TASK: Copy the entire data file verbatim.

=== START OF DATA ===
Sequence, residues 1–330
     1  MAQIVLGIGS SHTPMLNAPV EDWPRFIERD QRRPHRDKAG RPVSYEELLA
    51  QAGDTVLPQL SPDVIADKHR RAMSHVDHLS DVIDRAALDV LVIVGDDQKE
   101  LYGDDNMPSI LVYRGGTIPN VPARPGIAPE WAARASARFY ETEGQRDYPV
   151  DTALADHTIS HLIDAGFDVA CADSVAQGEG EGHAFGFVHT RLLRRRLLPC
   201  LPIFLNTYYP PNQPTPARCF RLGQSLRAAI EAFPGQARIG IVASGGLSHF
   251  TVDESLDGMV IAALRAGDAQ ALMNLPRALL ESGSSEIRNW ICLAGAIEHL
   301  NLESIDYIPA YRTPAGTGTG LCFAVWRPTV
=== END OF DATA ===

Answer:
Sequence, residues 1–330
     1  MAQIVLGIGS SHTPMLNAPV EDWPRFIERD QRRPHRDKAG RPVSYEELLA
    51  QAGDTVLPQL SPDVIADKHR RAMSHVDHLS DVIDRAALDV LVIVGDDQKE
   101  LYGDDNMPSI LVYRGGTIPN VPARPGIAPE WAARASARFY ETEGQRDYPV
   151  DTALADHTIS HLIDAGFDVA CADSVAQGEG EGHAFGFVHT RLLRRRLLPC
   201  LPIFLNTYYP PNQPTPARCF RLGQSLRAAI EAFPGQARIG IVASGGLSHF
   251  TVDESLDGMV IAALRAGDAQ ALMNLPRALL ESGSSEIRNW ICLAGAIEHL
   301  NLESIDYIPA YRTPAGTGTG LCFAVWRPTV